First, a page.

Drink of the Week: The Mayahuel


You can make a margarita with mezcal in place of tequila but it’s very much its own spirit and deserves its own flagship cocktail. I nominate the Mayahuel.

Likely invented at a shuttered New York cocktail bar of the same name by bartender Phil Ward, and still on the menu at a mezcal-centric tavern in D.C., the Mayahuel has the right balance of sour, sweet, boozy, and floral/earthy flavors to bring out the best in mezcal. It adds two transformational ingredients to the margarita template: agave and a special type of salt that’s kind of buggy.

You see, mezcal is traditionally consumed straight, in a small and wide clay cup called a cupita. Like a brandy snifter, the wide opening allows the drinker to enjoy the aroma of the spirit while taking tiny sips. The mezcal ritual also includes paring the booze with small bites of food, including orange slices that have been sprinkled with a seasoned salt you’ll never find from Lawry’s.

Sal de gusano means worm salt in English but that’s a misnomer in any language. The ingredients include salt, chili peppers, and the ground-up barbecued remains of a species of moth larvae that typically live in the agave plants used to make mezcal. These larvae are the same “worms” you might have seen at the bottom of a cheap mezcal.*

I understand people’s misgivings but there’s nothing wormy or insectile in the taste of sal de gusano. It’s pleasantly smokey and reminds me of a gourmet version of whatever it is that they put on barbecue flavor potato chips. Moreover, when the flavor of the worm salt meets mezcal, something magical happens on the tongue. It’s the most expensive salt I’ve ever bought but it’s an investment that offers major flavor ROI.

The Mayahuel

2 ounces mezcal (or maybe 1½ if you like your drinks sweeter )
¾ ounce Cointreau or another orange liqueur, maybe.
¾ ounce fresh lime juice
¼ ounce agave
Sal de gusano – extremely desirable but not quite mandatory garnish

Combine all of the ingredients except the salt in a cocktail shaker. Next, take a chilled cocktail glass and wet the rim, preferably with a left-over lime shell. As you would for a margarita, run the rim in a pile of worm salt (or some other kind of salt if you want). Next, add ice to the cocktail shaker and shake very vigorously. Strain into the glass, sip and see what you think of the interplay between the mezcal, the sweeter flavors, and, I hope, your priceyish but easy-to-find online sal de gusano. ( I got a few ounces of the stuff for about $15.00.)


The more times I made the Mayahuel, the more I liked it but I made one change after my first go-round. Almost all the recipes I’ve seen call for 1½ ounces of mezcal. I found that too sweet, though my in-house guinea pig didn’t have a problem with it. For me, however, adding that extra half-ounce of the base spirit was a serious improvement.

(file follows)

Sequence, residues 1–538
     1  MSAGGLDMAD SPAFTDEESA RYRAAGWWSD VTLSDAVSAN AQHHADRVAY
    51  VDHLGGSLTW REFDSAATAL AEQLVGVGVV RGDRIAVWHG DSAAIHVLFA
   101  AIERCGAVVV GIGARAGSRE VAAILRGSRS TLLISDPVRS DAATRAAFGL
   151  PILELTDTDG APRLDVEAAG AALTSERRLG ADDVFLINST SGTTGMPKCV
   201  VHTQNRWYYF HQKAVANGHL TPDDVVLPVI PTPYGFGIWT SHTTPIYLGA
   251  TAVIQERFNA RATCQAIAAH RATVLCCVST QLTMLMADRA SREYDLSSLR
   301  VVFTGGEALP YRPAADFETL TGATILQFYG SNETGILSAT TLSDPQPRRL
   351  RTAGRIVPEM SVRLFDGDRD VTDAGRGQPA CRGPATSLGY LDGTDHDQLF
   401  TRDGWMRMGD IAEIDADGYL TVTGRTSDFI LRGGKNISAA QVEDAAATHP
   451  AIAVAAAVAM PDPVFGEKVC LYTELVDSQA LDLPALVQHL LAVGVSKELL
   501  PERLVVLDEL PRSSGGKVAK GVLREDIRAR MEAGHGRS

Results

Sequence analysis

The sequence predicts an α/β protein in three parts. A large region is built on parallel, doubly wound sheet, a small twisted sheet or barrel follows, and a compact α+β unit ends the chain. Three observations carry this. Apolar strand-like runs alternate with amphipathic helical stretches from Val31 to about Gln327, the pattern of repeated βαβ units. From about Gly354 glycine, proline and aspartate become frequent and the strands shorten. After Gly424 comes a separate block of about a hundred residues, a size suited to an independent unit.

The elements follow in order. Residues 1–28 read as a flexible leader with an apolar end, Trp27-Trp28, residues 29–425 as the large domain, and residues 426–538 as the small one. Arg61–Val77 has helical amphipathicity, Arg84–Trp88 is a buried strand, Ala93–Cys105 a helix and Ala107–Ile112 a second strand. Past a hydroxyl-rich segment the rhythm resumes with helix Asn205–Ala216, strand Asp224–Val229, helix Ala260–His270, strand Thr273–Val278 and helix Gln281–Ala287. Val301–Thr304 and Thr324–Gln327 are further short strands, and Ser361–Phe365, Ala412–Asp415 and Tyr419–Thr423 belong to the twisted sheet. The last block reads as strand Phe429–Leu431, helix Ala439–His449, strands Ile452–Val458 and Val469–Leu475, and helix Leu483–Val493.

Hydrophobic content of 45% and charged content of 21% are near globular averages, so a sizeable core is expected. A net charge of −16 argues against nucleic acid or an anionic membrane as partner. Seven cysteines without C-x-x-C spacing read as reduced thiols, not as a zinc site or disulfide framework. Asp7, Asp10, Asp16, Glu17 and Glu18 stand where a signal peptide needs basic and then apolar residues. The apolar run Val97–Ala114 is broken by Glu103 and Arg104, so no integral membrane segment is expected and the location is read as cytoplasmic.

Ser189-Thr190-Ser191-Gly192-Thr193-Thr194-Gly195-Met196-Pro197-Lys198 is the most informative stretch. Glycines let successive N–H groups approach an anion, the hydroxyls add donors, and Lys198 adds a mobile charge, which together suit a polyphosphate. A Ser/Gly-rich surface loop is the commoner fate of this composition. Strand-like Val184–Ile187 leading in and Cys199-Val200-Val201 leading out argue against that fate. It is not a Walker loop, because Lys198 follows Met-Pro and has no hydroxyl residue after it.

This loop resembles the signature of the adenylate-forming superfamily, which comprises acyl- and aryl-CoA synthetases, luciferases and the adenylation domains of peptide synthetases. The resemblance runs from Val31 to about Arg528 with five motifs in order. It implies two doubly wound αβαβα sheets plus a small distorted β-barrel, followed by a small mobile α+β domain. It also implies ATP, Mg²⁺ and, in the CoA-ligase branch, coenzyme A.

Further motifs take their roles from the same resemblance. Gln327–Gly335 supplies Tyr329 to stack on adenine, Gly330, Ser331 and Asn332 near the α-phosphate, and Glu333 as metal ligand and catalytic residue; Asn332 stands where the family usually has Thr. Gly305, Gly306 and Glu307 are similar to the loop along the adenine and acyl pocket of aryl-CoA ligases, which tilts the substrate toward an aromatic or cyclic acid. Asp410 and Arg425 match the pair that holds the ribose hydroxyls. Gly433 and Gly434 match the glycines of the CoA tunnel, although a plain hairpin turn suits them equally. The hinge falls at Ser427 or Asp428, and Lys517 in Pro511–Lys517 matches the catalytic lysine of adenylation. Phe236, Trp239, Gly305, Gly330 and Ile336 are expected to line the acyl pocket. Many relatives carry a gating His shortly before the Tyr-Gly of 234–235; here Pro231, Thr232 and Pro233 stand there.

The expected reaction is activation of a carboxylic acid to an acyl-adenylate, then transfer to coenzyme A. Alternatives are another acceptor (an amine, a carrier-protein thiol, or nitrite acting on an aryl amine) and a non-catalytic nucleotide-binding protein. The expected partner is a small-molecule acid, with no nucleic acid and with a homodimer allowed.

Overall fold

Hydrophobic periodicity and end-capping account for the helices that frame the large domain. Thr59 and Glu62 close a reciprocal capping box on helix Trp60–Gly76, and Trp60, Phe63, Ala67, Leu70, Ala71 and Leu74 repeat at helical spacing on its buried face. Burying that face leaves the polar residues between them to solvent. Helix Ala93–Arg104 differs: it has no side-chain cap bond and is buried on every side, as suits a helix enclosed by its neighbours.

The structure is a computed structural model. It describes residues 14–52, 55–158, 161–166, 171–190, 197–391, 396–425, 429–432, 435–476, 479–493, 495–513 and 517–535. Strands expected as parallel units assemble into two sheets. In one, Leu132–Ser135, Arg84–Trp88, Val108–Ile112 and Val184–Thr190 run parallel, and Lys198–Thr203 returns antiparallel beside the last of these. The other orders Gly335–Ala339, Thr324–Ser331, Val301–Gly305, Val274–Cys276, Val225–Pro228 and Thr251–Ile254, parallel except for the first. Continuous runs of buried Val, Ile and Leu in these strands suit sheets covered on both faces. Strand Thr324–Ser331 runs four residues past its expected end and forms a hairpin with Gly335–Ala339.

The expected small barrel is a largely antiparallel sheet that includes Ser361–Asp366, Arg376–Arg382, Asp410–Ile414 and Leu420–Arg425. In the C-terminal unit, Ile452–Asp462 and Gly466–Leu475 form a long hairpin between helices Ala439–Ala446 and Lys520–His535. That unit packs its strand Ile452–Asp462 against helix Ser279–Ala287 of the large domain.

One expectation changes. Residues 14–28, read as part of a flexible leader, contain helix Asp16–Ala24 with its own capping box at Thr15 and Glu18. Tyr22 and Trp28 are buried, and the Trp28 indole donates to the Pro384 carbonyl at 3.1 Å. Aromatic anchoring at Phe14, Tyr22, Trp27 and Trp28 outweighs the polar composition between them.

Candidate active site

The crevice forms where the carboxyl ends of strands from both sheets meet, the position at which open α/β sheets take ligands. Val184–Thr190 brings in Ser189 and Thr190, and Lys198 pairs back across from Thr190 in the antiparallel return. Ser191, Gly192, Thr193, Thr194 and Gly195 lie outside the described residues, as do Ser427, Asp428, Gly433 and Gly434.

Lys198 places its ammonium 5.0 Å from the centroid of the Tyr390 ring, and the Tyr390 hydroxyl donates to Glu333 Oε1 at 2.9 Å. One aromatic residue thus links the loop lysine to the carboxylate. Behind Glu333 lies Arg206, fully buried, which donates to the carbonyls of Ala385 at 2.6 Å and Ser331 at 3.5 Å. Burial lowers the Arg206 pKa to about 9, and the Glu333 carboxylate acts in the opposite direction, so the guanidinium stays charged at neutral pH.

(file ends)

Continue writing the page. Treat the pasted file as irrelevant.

And now here’s where I talk about the various brands of mezcal I tried with the Mayahuel. Cynics might second guess me, but my free $50-$60 bottle of Mezcal Amarás Cupreata made for a borderline cosmic cocktail experience. Consumed in the traditional way, it’s an extraordinary product. In a Mayahuel, it’s more accessibly extraordinary. The earthy floral notes are accentuated and the sal de gusano delivers a burst of complementary salt and smoke.*

Mezcal Verde Amarás, their mid-shelf cocktail-friendly expression, was a strong second. I also tried two bottles I bought at the Studio City Trader Joe’s — Ojo del Tigres and Espada Pequeña Mezcal Artesanal – which I now realize is another surprisingly strong TJ’s private label bottle! All of the drinks were good but, of the more affordable brands, I’d still give the Verde version a very slight edge for an extra level of tangy brightness, and, I hope, not just because the $0 price was so right.

Finally, let’s talk about the orange liqueurs. Many recipes called for triple sec and others called for Cointreau – the most gourmet of triple secs. In this case, there’s a good case to be made for going high-end. When I tried the Mayahuel with Bols’ low-priced but reliable triple sec, the drink was relatively flat in flavor, almost insipid. The slightly bitter complexity of Cointreau, it turns out, was more important than usual. I had better luck with the mid-priced and flavorful Mathilde Orange Liqueur. It doesn’t call itself triple sec on the bottle but, at this point, I have no idea what triple sec even is.

* My underage drinking buddies used to call this “the tequila worm” — a double misnomer. In our defense, we were young, stupid, and almost 20 years pre-Internet.

**Some Mayahuel recipes insist on mezcal made from the espadin strain of agave, which appears to be far more common in mezcal than the cupreata strain. Based on the luck I had with Mezcal Amarás Cupreata, I have no idea why this is.



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